“What has become of the no-fly zone of 1973? How could NATO undertake more than 20,000 missions if there was a no-fly zone? Is this not a complete denial?”
So. I actually have read SC/Res/1973. And it clearly says that the no-fly zone does not apply to those Member States that are acting to enforce the no-fly zone. This being a Chapter VII resolution and all, acting under Article 42, this effectively means that so long as countries give the Sec-Gen a heads-up, they can fly as many sorties as they want to enforce the no-fly over Libya. The resolution also authorizes Member States to “to take all necessary measures … to protect civilians and civilian populated areas under threat of attack in the Libyan Arab Jamahiriya”. As anyone who actually pays attention to the UN knows, “all necessary measures” means military force. So while the argument could be made that NATO should technically be bombing the NTC forces attacking Sirte right now, Mr. Moros doesn’t quite manage to make a valid point.
Another buzz on the truth-meter is Mr. Moros’ claim that NATO introduced heavy weapons to Libya’s rebels. I have found absolutely no reporting of this anywhere except the hilariously anti-NATO Centre for Research on Globalization which I’m not even going to bother linking to. All of NATO’s actions, according to Venezuela, were “meant to prevent the Libyan government from protecting its sovereignty”. …Against its own people. I haven’t signed onto R2P in blood or anything, but I do believe that once you have to protect your sovereignty against your own citizens, something has gone horribly awry, especially when that protection involves lethal force and promise to hunt everyone down like rats.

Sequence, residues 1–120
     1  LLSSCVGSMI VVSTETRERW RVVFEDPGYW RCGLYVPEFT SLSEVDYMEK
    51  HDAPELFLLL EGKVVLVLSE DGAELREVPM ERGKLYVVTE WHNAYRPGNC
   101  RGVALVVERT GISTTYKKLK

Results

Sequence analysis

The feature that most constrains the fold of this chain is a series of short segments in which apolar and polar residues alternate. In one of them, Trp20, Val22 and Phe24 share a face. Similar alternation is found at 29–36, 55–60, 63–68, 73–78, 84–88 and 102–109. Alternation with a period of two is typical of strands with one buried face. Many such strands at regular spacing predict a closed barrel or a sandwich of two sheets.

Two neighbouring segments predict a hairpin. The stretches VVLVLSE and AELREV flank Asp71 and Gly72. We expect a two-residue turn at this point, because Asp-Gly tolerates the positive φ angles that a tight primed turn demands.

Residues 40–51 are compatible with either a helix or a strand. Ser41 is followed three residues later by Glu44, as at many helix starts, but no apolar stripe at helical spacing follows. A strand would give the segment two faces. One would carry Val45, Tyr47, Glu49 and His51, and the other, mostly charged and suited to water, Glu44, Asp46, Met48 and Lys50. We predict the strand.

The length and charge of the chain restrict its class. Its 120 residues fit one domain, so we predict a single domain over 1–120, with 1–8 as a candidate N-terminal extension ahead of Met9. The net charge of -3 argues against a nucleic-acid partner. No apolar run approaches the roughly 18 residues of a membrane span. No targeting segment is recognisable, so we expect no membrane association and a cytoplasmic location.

The real crux of his argument about Libya is that the reason for the intervention was to recolonize Libya and take over its wealth. This stands out as insanely stupid on our part if that really was the plan. First of all, say we actually had invaded Iraq for its oil back in 2003. We have seen that it ends pretty poorly for everyone involved, so why would we attempt it a second time in Libya? Second, up until Gaddafi’s forces started marching their way east, Libya was back in the fold of the international community and especially well-loved by its neighbors to the south for its generosity. The West was getting Libyan oil just fine, until we sanctioned it. Logic doesn’t seem to apply during the speechwriting process in Caracas. All of this added up to the obvious conclusion that Syria is next on the West’s Regime Change Tour 2011. Luckily for Al-Bashar though, he has the full weight of Venezuela behind him.